Tim Tebow has managed to find himself in the middle of yet another religious controversy. Just weeks after declining to speak at First Baptist Dallas megachurch, likely due to its pastor’s inflammatory comments towards Muslims, Jews, and the LGBT community, Tebow is headed to Liberty University, a private Christian university in Lynchburg, Virginia.
Tebow is scheduled to speak on Friday, March 8 as a part of the university’s convocation, presented as “North America's largest weekly gathering of Christian students.” The conference is themed around men’s issues, with workshops covering hunting, fishing, football, home defense, marriage, baseball, and disaster preparedness. The event will be closed to the public, with the university citing limited seating.
The decision to speak at Liberty has upset many of the LGBT and civil rights advocates who protested Tebow’s planned attendance at First Baptist Dallas. Critics aren't taking aim at the workshop schedule, but rather the history and views of the university. Liberty was founded in 1971 by the late televangelist Jerry Falwell, no stranger to controversy. Gay students are banned and the school has a strict honor code, forbidding non-marital sexual relations as well as “the encouragement or advocacy of any form of sexual behavior that would undermine the Christian identity or faith mission of the University.”
In many ways, Tebow is the anti-Falwell. In contrast to Falwell’s political activism, Tebow understands his faith as a deeply personal issue. No one can doubt the sincerity of his religious convictions, present throughout his personal and professional life, but he doesn't use his beliefs heavy-handedly. Avoiding proselytism in the traditional sense, he prefers to use his personal life as an example of his faith, and avoids politically sensitive topics entirely.
With his personal approach toward faith, Tebow stands as an example to a growing group of young Christians. “Tebow is part of a movement of ‘cosmopolitan Christians,’ ” offers D. Michael Lindsay, a scholar on the evangelical movement. “They’re more media savvy than their forebears and they understand the importance of building bridges. They speak more about what they’re for than what they’re against. It speaks for that segment of the evangelical community that wants to spend energy on things for the common good rather than be a lightning rod.”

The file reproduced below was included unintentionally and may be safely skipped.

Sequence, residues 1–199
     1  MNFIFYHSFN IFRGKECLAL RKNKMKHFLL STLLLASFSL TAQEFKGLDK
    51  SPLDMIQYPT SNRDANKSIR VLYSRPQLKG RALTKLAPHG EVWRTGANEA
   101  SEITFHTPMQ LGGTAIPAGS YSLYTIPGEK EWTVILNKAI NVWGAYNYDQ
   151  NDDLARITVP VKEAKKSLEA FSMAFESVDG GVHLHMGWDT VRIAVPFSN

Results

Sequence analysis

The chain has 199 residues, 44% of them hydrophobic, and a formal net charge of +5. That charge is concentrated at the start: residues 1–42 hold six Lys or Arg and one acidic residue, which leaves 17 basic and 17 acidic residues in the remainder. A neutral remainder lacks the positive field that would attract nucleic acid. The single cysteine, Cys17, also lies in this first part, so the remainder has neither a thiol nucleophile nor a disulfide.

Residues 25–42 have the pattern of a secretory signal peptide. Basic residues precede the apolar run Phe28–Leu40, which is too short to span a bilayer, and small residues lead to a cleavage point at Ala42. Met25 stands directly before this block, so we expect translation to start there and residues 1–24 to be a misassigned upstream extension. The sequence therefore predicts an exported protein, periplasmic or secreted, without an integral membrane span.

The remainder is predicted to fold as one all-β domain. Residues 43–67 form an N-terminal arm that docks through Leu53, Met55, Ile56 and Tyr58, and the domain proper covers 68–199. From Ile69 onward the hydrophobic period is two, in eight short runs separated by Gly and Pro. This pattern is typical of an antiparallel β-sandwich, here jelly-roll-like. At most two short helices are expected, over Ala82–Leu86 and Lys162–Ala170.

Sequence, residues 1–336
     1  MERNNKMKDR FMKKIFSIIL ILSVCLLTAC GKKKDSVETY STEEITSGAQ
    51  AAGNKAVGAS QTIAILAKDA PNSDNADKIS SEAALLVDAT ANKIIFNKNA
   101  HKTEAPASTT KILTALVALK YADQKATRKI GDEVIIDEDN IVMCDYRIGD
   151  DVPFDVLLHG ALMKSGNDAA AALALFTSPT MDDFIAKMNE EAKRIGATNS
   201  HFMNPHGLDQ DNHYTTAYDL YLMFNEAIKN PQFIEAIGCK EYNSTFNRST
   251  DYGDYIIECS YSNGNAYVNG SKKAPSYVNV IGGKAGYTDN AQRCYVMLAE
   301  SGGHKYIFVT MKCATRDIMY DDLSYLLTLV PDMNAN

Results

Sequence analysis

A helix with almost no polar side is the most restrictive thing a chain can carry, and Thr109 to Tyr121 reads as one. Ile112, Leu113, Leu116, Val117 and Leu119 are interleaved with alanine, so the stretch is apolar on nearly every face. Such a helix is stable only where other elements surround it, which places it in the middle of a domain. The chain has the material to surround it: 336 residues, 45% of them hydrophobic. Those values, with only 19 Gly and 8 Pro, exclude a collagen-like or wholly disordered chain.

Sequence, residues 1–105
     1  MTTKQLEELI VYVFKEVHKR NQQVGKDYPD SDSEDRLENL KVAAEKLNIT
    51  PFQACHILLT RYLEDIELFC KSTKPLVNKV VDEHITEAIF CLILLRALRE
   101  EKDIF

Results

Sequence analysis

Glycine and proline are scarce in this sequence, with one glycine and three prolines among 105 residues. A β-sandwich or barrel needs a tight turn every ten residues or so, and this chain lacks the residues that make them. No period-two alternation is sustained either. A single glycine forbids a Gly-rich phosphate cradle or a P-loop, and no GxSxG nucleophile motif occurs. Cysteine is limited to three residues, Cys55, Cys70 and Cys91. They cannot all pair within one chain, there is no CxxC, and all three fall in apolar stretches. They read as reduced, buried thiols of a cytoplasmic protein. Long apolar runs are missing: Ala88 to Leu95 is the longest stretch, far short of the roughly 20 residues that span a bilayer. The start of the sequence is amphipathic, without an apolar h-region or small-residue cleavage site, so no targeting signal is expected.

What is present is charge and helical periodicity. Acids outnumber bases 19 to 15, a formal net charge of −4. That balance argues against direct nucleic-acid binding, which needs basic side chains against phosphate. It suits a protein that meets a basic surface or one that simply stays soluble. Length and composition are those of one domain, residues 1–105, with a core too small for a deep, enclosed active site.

Tebow and young Christians like him stand in sharp contrast with the evangelical old guard, a group more comfortable with religio-political icons such as Jerry Falwell and Pat Robertson. For many of these evangelicals, a central constituency within the Republican Party, social conservatism, and political activism are intertwined with personal faith. And it’s this latter group that serves as the general perception of evangelical Christianity.
Caught between a politically engaged evangelical community, and an American public suspicious of its political ambitions, Tim Tebow is faced with a difficult path. Certainly, he is free to decide where and when to speak, regardless of anyone else’s opinions. But by affiliating himself with particular evangelical figures and institutions, he takes on their political baggage as well, and risks alienating not only fans, but those young, “cosmopolitan Christians” drawn by his profoundly personal, and apolitical, faith.